This isn’t meant to be a one-off deal. Instead, there is a Facebook Principles document – translated into multiple languages – that expresses commitments to such things as open platforms and standards, free flow of information, universal availability of the service and its contents regardless of one’s country, and freedom to control one’s own data, including removing (or extracting) it from Facebook. The “Statement of Rights and Responsibilities” has a most unusual section on amendments – usually the boilerplate piece of a terms of service that says that the vendor has the right to change the terms whenever it wants so long as it alerts users to the change. This one says:

If more than 7,000 users comment on the proposed change, we will also give you the opportunity to participate in a vote in which you will be provided alternatives. The vote shall be binding on us if more than 30% of all active registered users as of the date of the notice vote.

To be sure, these two sentences have loopholes suitable for a truck (and a missing verb which presumably is supposed to be a quorum requirement – 30% of all active registered users voting for a vote to be binding). 30 million users voting on anything (especially since it requires adding a new Facebook voting app) is a high threshold. More important, there’s no effort to identify what the alternatives will be. The current vote – on the principles themselves – simply asks users:

Which documents should govern the Facebook Site?


The proposed documents: Revised Statement of Rights and Responsibilities and Facebook Principles – 4/16/09 (These documents reflect comments from users and experts received during the 30-day comment period.)

Existing documents: The current Terms of Use – 9/23/08 (This document was developed entirely by Facebook and does not reflect any third-party outside comments.)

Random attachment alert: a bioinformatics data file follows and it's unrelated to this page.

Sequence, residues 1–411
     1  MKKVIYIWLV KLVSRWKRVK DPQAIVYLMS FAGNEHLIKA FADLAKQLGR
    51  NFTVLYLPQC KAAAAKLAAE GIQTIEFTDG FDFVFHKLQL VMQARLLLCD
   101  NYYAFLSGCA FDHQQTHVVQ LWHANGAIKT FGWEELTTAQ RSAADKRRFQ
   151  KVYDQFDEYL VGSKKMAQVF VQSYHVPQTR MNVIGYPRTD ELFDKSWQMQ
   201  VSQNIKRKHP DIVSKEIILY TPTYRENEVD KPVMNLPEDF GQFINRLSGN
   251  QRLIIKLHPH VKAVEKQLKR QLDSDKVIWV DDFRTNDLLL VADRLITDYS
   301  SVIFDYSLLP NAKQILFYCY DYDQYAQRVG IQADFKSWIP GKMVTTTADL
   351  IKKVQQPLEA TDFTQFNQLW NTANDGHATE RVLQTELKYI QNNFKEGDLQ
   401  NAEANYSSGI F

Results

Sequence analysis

It calls to mind the age-old trick of asking the children whether they’d like to wear their red or green pajamas to bed – with no choice about when bedtime actually is. Facebook still holds the quill and frames the choice. But the fact is that most companies wouldn’t dream of going as far as Facebook just has, because the kinds of public pressures that create privacy crises can also be elicited when cynical choices are presented. Facebook has intentionally placed itself in a new zone, borrowing elements of .org and .gov to inform how a .com is run. Coming from .edu myself, I’m disappointed that something initially as academically-related as Facebook – a social networking site for university communities – wasn’t begun and nurtured under university auspices, naturally incorporating public interest values.

So Facebook draws from the public and public interest sphere, a simultaneously bold and modest step towards acknowledging that our new networked technologies deeply affect our lives in ways not always captured or best shaped by the typical template of consumer and seller. So I’ve become voter number 167,476 in the poll. (Yes, they say results will be audited by an outside firm.) I’m not expecting to add another passport to my drawer, but I’m heartened at the prospect that the amazing engine of private enterprise may find creative ways to tap into and reinforce our civic instincts.